Monday, September 5, 2022

Reading Bug Tracks on Tea Leaves

From palm-reading to watching Fox News, humans throughout the ages have sought knowledge through some decidedly irrational means. But every now and then, superstition pays off. For example, studying the pattern of coffee grounds in the bottom of one’s cup, a practice known as tasseomancy, will nearly always reveal that someone forgot to put a filter in the coffeemaker basket. And haruspicy, the study of the fresh entrails of a gutted animal, is consistently right in concluding the animal is dead.

The reading of tea leaves, a custom devised by 17th-century Europeans who got bored waiting for the Internet to be invented, has become quite popular among entomologists and other biologists in the past few years. It’s possible a few may secretly use this method to gain insight on their personal lives, but for the most part, tea leaves are now read by scientists to learn about insect behavior around the world. It turns out that for any given tea leaf that ever had a beetle bite it, scale-insect suck sap from it, or planthopper poop upon it, traces of DNA from each and every visitor stay behind.

 

Even after you’ve brewed a refreshing pitcher of iced tea, it’s possible to map out who else took a taste first. Recent breakthroughs in genetic sequencing allow for the detection of DNA remnants at extremely low levels. All it takes is a part of one sloughed-off arthropod cell on a leaf to identify its owner down to the species level. This is called environmental deoxyribonucleic acid, or eDNA for short. A July 20, 2022 Smithsonian article outlines how a team of scientists in Germany used eDNA to catalog more than 1,200 different species of arthropods on samples of parsley, mint, black tea, and chamomile. Before you panic, not all 1,200 critters are joining you in each cup of herbal or regular tea.

 

Hundreds of plant specimens were tested across four continents to get this number. On average, “only” about 200 different insects and arachnids left their genetic calling-cards in each tea bag. This is actually a good thing, as it shows that our tea isn’t being doused with pesticides. As noted in the Smithsonian article, eDNA is a powerful tool for monitoring insect populations, which are in freefall across the globe. In example, surveys done on nature preserves in Germany over the past twenty-seven years showed a 75% decline in the number of flying insects during that period. Similar findings are coming in from every continent. In addition, eDNA on tea leaves can help track the spread of invasive pests.

Brittney Rogers and Gabriel Yerdon of SLELO PRISM. SLELO PRISM website photo.

 

In light of this new study, other scientists hope to be able to obtain old specimens from botanical collections and museums. Comparing recent results with eDNA from plants plucked decades ago will give us a better understanding of trends in arthropod populations. Closer to home, the Ontario Ministry of Natural Resources uses eDNA sampling to check for oak wilt, a devastating pathogen of oak trees first identified in the US. As early as 2018, oak wilt was known to be just a few kilometres from Ontario along significant stretches of its border with Michigan. Not surprisingly, in 2020, oak wilt eDNA was detected in Ontario. However, the first confirmed case of oak wilt in Canada has yet to be found.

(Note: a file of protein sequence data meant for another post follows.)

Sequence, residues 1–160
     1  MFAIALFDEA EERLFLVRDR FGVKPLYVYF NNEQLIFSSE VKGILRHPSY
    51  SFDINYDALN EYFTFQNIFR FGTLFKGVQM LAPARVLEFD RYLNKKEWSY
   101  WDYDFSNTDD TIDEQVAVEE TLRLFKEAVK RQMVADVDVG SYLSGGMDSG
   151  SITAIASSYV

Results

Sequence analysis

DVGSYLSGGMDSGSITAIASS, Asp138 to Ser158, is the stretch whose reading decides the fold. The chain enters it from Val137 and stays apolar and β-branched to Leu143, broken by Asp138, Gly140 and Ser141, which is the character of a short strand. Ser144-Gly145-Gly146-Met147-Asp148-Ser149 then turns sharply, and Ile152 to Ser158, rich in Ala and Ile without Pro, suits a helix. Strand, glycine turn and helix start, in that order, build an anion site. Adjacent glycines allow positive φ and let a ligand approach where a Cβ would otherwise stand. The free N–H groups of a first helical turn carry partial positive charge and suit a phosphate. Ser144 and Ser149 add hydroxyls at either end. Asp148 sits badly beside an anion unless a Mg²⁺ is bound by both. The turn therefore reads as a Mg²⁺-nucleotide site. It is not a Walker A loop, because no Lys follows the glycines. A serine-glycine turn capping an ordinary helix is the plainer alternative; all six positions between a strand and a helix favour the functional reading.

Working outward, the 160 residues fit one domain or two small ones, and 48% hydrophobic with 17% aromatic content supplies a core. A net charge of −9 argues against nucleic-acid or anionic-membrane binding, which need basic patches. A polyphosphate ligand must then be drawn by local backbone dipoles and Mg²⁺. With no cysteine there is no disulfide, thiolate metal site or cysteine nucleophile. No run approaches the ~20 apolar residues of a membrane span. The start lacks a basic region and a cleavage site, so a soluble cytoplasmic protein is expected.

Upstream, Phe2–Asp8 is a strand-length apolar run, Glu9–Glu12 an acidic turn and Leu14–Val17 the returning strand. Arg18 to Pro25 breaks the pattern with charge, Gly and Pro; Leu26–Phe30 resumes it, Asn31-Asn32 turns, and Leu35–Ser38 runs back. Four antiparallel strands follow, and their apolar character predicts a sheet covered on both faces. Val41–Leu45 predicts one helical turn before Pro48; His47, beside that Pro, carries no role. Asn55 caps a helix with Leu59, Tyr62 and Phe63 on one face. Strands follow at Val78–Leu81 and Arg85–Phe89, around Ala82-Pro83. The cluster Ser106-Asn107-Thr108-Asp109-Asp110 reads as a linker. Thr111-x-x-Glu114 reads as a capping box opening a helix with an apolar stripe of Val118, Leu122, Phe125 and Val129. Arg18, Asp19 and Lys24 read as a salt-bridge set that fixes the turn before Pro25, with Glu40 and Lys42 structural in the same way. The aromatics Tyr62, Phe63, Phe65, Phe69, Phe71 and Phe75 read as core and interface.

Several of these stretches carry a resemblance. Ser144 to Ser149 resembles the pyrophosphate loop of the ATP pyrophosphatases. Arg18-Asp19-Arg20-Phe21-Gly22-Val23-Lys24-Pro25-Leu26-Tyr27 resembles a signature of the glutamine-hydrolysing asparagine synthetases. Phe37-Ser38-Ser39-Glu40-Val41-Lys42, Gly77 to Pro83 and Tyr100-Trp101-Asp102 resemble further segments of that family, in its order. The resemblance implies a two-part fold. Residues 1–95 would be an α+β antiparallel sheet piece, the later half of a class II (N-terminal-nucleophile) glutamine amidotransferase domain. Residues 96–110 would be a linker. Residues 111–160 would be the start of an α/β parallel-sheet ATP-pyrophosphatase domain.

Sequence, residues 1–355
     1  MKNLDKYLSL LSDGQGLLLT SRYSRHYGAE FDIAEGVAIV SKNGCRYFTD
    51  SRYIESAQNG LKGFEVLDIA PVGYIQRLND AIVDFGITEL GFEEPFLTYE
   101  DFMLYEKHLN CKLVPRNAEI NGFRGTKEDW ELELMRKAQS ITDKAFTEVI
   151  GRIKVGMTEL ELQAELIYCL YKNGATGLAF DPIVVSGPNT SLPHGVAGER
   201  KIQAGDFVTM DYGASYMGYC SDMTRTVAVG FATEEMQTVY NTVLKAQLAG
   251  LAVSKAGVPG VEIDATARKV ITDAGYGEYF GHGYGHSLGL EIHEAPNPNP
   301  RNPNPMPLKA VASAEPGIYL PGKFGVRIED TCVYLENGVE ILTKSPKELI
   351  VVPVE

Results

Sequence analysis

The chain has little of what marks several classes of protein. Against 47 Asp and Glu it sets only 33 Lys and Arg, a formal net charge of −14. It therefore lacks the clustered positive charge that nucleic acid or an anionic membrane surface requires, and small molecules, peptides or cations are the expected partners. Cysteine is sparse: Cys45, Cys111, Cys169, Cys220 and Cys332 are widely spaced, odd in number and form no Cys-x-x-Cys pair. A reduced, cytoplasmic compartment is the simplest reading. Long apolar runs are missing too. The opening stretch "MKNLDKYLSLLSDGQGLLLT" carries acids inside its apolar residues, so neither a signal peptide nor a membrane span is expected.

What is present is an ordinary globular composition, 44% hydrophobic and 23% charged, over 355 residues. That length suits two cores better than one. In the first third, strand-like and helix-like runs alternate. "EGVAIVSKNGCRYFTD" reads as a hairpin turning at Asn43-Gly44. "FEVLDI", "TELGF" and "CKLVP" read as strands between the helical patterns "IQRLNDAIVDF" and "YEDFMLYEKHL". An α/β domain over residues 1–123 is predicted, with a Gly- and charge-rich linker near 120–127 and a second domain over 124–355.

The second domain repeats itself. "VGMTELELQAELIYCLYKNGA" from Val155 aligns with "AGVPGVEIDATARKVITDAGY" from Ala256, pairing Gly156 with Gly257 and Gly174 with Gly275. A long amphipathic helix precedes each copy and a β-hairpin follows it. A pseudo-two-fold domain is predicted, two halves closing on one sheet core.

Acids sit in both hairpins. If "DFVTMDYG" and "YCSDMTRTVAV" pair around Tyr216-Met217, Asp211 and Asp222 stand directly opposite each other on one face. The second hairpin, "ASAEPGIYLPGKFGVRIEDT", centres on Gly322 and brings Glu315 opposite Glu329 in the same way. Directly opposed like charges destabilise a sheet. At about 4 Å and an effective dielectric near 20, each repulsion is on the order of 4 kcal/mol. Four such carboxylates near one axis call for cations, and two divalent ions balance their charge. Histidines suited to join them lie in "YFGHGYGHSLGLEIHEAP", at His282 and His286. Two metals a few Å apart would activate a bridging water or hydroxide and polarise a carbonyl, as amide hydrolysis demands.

Oak leaf showing signs of wilting. Invasive Species Centre website photo.

 

In northern New York State, the St. Lawrence-Eastern Lake Ontario Partnership for Regional Invasive Species Management (SLELO PRISM) has been conducting eDNA surveys for invasive aquatic species in major tributaries of the St. Lawrence River. For the past several years, the Black, Oswegatchie, Grasse, and Raquette Rivers are being monitored for the presence of invasive fish such as the northern snakehead (Channa argus), a.k.a. Fishzilla. This über-predator would displace muskies and pike if it got established in the region, vacuuming up a great deal of the perch and bass along the way. Fishzilla is able to walk on land in search of new homes, meaning that it could conceivably shed DNA on tea leaves on its way to ravaging the local fishery.

 

Waters in the St. Lawrence River and eastern Lake Ontario near the US-Canada border are also checked for eDNA signatures left by silver and bighead carp, either of which could markedly degrade water quality. Hydrilla (Hydrilla verticillate), the most pernicious aquatic weed ever found in the US, is also on the eDNA watchlist. This invasive plant can grow as much as a foot or thirty cm per day in all directions, and chokes waterways as deep as twenty-five feet or six metres. With hydrilla, walking on water no longer requires a miracle. Too bad it makes lousy tea.

 

The German study can be found at https://royalsocietypublishing.org/doi/10.1098/rsbl.2022.0091

 

For more information on eDNA sampling by SLELO PRISM, visit https://www.sleloinvasives.org/connected-waters-edna-project/

 

In Ontario, see https://www.invasivespeciescentre.ca/oak-wilt-edna-detected-in-ontario/

 

Paul Hetzler is a former Cornell Extension educator. After learning of this study, he prefers his tea well-cooked.

 

Photo at top: Cup of tea. Pexels photo.

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Paul Hetzler has been an ISA Certified Arborist since 1996. His work has appeared in the medical journal The Lancet, as well as Highlights for Children Magazine.You can read more of his work at PaulHetzlerNature.org or by picking up a copy of his book Shady Characters: Plant Vampires, Caterpillar Soup, Leprechaun Trees and Other Hilarities of the Natural World




34 Responses

  1. ADKresident says:

    “From palm-reading to watching Fox News, humans throughout the ages have sought knowledge through some decidedly irrational means…”